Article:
Definition of undreamed in English:

undreamed

(British undreamt)

adjective

undreamed of
  • Not thought to be possible (used to express pleasant surprise at the amount, extent, or level of something)

    ‘she is now enjoying undreamed-of success’
    ‘a level of comfort undreamed of in earlier times’
    • ‘Now the coast is experiencing pressure and possibilities undreamed of by James Johnston.’
    • ‘I would bring you glories undreamed of, wealth unknown.’
    • ‘The journey was exciting with undreamed of results.’
    • ‘Four years ago, such a situation was almost undreamed of.’
    • ‘The undreamed of improvements in average life expectancy in the 20th century have thrust ageing to the forefront of attention, and more old people are alive today than at any time in history.’
    • ‘Today competition reigns in the U.S. in a way undreamed of 20 years ago - competition for markets, for labor, for capital, for time and, yes, for attention (just ask the newspaper industry).’
    • ‘Despite problems, the Japanese worker today enjoys a degree of affluence undreamed of a few decades ago.’
    • ‘As life expectancies increase and we become more healthy in old age, sexagenarians may well want to do things undreamed of by their predecessors.’
    • ‘Over the next several years, teens and undoubtedly everyone else, will use WAP-enabled devices in ways and applications undreamed of today.’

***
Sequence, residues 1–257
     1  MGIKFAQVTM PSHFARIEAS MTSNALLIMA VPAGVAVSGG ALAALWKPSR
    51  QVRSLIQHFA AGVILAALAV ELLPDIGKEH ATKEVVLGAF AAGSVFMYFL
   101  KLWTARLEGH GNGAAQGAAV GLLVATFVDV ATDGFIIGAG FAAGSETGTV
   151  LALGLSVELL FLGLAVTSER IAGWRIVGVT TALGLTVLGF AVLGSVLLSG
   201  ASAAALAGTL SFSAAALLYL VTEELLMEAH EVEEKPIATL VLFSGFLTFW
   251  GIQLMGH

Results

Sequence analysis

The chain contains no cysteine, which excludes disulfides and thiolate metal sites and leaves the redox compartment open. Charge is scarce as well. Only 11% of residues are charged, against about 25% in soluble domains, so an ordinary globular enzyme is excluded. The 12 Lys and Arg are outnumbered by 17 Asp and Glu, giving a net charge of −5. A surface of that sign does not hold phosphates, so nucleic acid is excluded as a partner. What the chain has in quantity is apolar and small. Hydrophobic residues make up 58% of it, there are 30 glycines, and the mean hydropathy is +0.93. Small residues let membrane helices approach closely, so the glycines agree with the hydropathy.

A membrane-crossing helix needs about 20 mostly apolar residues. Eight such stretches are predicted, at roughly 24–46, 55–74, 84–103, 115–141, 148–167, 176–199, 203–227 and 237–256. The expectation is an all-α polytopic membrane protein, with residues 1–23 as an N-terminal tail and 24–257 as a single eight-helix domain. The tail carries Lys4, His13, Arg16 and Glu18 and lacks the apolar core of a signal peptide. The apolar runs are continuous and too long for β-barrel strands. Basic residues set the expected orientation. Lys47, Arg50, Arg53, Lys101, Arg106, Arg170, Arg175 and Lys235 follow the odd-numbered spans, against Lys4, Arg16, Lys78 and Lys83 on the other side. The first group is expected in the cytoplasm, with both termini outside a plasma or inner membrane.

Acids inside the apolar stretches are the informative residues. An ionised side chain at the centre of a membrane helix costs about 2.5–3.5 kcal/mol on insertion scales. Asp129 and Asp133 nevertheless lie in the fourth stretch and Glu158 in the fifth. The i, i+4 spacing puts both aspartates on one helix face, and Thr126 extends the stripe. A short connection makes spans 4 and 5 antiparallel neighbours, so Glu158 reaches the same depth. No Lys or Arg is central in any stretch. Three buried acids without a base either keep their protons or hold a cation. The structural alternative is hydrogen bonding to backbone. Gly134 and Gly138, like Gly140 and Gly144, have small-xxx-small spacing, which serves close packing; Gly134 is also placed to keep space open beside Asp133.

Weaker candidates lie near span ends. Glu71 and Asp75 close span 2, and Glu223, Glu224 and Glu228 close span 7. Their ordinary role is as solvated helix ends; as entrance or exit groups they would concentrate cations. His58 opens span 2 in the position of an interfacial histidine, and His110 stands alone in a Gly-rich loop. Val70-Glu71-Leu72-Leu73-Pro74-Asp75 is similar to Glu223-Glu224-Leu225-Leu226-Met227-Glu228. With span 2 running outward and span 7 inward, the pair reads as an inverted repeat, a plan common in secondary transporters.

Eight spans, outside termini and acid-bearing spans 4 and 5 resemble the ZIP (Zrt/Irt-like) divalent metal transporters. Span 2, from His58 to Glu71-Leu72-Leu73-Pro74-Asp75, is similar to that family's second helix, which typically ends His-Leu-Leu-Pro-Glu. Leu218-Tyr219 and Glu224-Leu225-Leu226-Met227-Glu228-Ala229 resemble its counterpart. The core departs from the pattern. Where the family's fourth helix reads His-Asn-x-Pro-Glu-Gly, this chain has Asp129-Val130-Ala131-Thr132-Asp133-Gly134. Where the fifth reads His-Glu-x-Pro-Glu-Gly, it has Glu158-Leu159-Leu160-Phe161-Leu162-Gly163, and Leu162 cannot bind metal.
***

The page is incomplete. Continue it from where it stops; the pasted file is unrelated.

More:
• ‘They symbolise a level of integration in British society undreamt of 30 years ago.’
    • ‘They arrived on the doorstep too, in undreamed of numbers, from all parts of Yorkshire and beyond.’
    • ‘But for the first time new technology will introduce undreamt of possibilities.’
    • ‘Next May we will see a unification of Europe undreamed of by our parents and grandparents with the admission of ten countries.’
    • ‘The late 19th and early 20th century saw a spate of inventions which were to transform the lives of ordinary citizens of this country in ways hitherto undreamed of.’
    • ‘You're merely giving the boss a level of control undreamed of by those Victorian factory masters who fantasised about the constant surveillance of the work force.’
    • ‘The movie has enjoyed a reception undreamed of even by its makers and marketers.’
    • ‘‘I believe Scotland is about to live with a fullness of life undreamed of,’ he said grandly.’
    • ‘Modern knowledge has pragmatically proved itself in helping us to live much longer, healthier lives and enjoy amenities undreamed of by our progenitors.’
    • ‘We live in a society gone mad in the pursuit of money to buy creature comforts undreamed of by prior generations and a hunger for ever more exotic experiences that seems to know no end.’
    • ‘American video technology creates impersonation possibilities undreamt of sixty years ago.’
    unexpected, unforeseen, unanticipated, not bargained for, unhoped-for, unsought, unlooked-for, unpredicted
    View synonyms

Pronunciation

undreamed

/ˌənˈdrēmd/